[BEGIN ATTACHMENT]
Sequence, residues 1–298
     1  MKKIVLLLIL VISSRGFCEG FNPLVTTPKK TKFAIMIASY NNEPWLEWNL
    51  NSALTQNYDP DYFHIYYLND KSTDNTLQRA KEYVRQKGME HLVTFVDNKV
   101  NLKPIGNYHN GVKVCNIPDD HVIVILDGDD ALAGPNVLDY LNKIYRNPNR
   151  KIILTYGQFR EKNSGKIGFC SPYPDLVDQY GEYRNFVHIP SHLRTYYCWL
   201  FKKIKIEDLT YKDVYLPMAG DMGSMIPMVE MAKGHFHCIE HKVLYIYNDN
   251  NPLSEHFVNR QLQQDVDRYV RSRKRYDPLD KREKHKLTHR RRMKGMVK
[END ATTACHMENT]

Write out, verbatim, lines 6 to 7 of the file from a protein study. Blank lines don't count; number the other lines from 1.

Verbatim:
   201  FKKIKIEDLT YKDVYLPMAG DMGSMIPMVE MAKGHFHCIE HKVLYIYNDN
   251  NPLSEHFVNR QLQQDVDRYV RSRKRYDPLD KREKHKLTHR RRMKGMVK